Many people on income assistance are willing and able to work but can’t within our mainstream system. Living with a disability and receiving income support limits the ability to work, yet people can and want to work on a part-time/occasional basis. Eastside Works is a social innovation project that will increase income generating opportunities for people left out of the mainstream economic system and engage policymakers to inform systemic changes that ultimately reduce poverty in BC. We will affect change on all three levels: Individuals - help them earn income to improve their current circumstances Organizations - provide interagency coordination Policy - inform systemic change.

Mothers Matter Centre

Aboriginal HIPPY East Vancouver Project

Our project will address systematic marginalization of Aboriginal women and children who live in urban centres. Through a collaborative effort, we propose to revamp the program service delivery model to diminish the challenges of sole parenting, abject poverty, and domestic violence faced by Aboriginal women and children – who bear the brunt of economic disadvantage and social isolation. Our program will leverage the resilience demonstrated by Aboriginal peoples and bring isolated mothers and their children into a position of social productivity and cultural awareness, while developing the capacity of urban Aboriginal parents to support their children’s success in school.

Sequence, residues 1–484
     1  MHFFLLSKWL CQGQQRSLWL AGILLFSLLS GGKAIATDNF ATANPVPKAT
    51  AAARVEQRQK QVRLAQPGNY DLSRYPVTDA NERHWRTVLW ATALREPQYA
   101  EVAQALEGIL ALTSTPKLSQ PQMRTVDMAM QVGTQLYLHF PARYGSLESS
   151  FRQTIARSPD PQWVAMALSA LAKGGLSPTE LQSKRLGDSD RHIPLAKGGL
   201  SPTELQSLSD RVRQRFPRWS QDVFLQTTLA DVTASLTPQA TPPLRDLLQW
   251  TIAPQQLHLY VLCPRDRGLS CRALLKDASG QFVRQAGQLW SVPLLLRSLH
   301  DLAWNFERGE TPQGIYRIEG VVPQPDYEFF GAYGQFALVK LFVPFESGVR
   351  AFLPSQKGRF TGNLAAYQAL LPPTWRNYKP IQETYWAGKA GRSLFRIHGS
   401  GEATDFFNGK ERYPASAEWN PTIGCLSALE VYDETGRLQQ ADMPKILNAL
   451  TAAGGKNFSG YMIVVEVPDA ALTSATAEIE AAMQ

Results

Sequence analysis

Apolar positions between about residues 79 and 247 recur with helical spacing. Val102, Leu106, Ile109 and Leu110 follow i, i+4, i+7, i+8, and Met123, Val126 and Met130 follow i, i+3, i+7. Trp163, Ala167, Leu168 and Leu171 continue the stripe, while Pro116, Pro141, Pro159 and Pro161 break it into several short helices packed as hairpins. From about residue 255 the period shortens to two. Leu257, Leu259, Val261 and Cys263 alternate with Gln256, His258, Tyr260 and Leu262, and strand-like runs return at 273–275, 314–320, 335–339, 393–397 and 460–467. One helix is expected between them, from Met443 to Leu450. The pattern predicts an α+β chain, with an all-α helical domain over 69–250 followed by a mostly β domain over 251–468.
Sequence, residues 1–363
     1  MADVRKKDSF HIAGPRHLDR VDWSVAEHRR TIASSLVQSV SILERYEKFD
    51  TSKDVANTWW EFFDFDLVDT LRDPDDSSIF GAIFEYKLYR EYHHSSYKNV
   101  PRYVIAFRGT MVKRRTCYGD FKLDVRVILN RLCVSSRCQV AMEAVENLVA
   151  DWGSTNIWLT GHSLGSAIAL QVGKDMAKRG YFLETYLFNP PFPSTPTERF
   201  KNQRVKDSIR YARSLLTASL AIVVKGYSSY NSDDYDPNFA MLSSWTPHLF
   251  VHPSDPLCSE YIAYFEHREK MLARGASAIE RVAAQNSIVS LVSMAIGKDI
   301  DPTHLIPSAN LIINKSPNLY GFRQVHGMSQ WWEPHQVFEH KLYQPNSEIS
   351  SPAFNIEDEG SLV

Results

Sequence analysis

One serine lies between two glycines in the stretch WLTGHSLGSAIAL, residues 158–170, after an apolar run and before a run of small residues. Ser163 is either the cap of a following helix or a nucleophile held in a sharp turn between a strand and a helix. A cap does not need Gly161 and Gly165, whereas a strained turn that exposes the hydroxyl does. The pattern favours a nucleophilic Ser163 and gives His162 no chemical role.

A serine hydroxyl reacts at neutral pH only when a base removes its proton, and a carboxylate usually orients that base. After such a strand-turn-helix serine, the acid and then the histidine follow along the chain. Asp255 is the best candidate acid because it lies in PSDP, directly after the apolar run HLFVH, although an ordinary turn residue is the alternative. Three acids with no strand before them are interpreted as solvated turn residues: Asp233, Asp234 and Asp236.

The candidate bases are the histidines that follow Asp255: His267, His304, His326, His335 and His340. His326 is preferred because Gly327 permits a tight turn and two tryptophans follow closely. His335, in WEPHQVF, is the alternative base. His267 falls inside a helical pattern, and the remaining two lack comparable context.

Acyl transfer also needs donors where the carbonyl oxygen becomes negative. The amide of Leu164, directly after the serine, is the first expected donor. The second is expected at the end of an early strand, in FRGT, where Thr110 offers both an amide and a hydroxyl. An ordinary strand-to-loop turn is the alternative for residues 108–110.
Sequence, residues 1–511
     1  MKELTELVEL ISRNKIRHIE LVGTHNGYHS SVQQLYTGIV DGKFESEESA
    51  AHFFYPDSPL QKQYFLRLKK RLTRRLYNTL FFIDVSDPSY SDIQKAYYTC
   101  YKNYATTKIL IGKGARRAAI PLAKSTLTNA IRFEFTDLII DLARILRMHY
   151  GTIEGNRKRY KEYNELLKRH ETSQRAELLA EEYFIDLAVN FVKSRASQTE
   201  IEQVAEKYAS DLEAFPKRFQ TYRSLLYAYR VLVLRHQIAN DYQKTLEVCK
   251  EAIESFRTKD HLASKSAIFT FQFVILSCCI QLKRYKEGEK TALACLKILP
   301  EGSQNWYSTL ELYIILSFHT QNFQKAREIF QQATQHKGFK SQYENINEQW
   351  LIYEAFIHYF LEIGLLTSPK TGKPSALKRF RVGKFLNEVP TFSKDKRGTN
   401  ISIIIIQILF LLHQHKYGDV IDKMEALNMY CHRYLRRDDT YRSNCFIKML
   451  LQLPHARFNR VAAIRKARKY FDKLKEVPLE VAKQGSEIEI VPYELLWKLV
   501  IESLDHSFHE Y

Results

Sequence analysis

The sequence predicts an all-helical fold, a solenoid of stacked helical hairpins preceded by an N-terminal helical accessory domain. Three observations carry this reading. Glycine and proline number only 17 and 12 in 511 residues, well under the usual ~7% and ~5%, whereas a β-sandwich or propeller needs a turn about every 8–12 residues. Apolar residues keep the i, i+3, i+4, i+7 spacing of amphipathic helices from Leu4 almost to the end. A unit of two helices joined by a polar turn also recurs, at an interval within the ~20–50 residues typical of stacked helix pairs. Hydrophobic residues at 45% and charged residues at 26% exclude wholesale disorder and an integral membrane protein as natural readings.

UBC Human Early Learning Partnership (HELP)

Community partnerships to foster wellbeing of children and families in the Kootenay Columbia Region

The early years are optimal for investing in the future of our society, as early experiences are critical for brain development, lifelong learning, and wellbeing. BC data show that 1-in-3 children are vulnerable at school entry. To change this, we need to enhance our capacities to locally identify families’ and children’s needs and provide supports to families with young children early. This partnership project implements a universal early child development data platform in the Kootenay Columbia Region, to connect families to existing support systems, and to inform community-level decision making, strategic planning, and resource allocation in the local early years sector.